This Is A Melissa Harris-Perry Appreciation Post

I first encountered Melissa Harris-Perry on the eve of the 2008 presidential nominations. At that time, one thing was certain: The Democratic candidate for president would be a Black man or a White woman; a minority in political system which has been reppin’ the old White guys since 1789. Because this was such a huge deal, political pundits and balloters alike immediately began raising unprecedented questions about race and gender: Which candidate could do the most people the most justice?

The legendary second waver Gloria Steinem believed that the answer was Clinton, whom she endorsed in a New York Times op-ed:

Black men were given the vote a half-century before women of any race were allowed to mark a ballot, and generally have ascended to positions of power, from the military to the boardroom, before any women (with the possible exception of obedient family members in the latter).

I caught myself raising a finger when I initially read that, as if the words on the screen had ears and would listen to my disputations of, “Um, that’s not entirely true. All Blacks were still susceptible to voter discrimination, from KKK threats to Jim Crow laws.  Hence the fucking Voting Rights Act of 1965, Gloria. And don’t even get me started on this ongoing voter ID shit.”

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I didn’t have to argue with my computer monitor for much longer. Harris-Perry–then Harris-Lacewell–appeared on Democracy Now! alongside Steinem, where she articulated my feelings with much more eloquence and much less profanity:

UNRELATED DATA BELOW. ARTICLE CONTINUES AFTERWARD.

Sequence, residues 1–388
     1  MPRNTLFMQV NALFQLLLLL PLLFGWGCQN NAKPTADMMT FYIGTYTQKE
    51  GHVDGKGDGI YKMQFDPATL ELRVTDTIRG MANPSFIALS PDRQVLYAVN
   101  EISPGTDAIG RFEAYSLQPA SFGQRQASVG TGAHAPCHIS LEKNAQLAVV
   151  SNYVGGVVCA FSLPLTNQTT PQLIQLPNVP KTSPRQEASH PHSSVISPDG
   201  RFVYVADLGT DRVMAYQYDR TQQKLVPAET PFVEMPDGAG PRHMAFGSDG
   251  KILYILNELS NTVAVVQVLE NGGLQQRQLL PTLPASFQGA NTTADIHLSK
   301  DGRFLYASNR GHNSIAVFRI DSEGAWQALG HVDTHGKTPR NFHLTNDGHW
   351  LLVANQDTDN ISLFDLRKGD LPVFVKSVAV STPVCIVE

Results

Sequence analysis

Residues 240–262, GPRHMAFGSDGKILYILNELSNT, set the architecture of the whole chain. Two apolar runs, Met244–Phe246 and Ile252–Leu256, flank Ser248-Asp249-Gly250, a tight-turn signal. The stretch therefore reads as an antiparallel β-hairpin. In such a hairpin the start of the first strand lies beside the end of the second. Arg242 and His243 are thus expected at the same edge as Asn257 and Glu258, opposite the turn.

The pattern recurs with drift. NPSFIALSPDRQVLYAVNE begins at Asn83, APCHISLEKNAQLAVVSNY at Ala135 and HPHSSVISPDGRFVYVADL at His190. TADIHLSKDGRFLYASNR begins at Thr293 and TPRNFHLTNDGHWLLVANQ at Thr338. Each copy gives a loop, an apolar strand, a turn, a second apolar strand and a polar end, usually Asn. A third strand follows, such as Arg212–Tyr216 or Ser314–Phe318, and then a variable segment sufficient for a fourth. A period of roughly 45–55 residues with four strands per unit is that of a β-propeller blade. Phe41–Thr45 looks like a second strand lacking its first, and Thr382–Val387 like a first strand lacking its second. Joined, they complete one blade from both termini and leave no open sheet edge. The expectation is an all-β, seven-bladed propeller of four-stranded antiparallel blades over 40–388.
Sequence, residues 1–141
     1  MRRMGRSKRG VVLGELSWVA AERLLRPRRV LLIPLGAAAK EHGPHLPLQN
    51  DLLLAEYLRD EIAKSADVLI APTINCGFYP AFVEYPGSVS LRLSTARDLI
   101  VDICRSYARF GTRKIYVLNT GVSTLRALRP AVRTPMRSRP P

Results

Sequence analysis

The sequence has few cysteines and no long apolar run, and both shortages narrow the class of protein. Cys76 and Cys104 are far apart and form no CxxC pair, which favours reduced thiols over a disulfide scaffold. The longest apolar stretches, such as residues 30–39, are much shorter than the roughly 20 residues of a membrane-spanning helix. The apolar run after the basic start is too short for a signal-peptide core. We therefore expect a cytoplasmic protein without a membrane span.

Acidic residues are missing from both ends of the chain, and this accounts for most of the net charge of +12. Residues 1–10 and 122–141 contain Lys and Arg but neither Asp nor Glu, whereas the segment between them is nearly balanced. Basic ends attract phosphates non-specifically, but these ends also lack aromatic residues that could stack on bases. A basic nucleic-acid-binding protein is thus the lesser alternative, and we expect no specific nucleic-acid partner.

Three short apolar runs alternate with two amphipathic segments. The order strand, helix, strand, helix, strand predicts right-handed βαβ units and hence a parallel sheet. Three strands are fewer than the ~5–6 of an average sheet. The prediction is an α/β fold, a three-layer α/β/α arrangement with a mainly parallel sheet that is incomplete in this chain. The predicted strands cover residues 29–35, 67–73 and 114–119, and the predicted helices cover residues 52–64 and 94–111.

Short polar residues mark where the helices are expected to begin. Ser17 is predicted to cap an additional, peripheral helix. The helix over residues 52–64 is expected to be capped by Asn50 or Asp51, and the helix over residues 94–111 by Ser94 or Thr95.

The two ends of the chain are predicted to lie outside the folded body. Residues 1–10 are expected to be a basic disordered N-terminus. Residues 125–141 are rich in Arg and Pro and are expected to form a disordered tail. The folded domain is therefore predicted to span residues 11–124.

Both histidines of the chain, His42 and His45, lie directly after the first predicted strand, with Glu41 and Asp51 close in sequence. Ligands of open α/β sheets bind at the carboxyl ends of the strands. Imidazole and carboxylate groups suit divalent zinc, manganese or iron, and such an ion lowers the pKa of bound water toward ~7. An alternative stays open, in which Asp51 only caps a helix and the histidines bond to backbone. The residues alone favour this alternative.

What’s she’s trying to do there is to make a claim towards bringing in Black women into a coalition around questions of gender, and asking us to ignore the ways that race and gender intersect…I think that ignores an entire history of White women that have in fact been in the White House. They’ve been there as an attachment to White male patriarchal power. It’s the same way that Hillary Clinton is now making a claim towards experience. It’s not her experience. It’s her experience married to, connected to, climbing up on male patriarchy. These are exactly the ways in which this system actually silences questions of gender that are more complicated than simply putting White women in positions of power, and then claiming that women’s issues are cared for.

I was 19 during the last election. I didn’t know it at the time, but I’d learned my first lesson in intersectional feminism from this previously-unknown scholar. A Duke University alumna, Harris-Perry doesn’t just work at the intersections in her acclaimed texts; she is the intersection. Raised in Virginia by a formerly Mormon White mother and a Black father employed in academia, her life is as layered as the points she’s so damned good at making.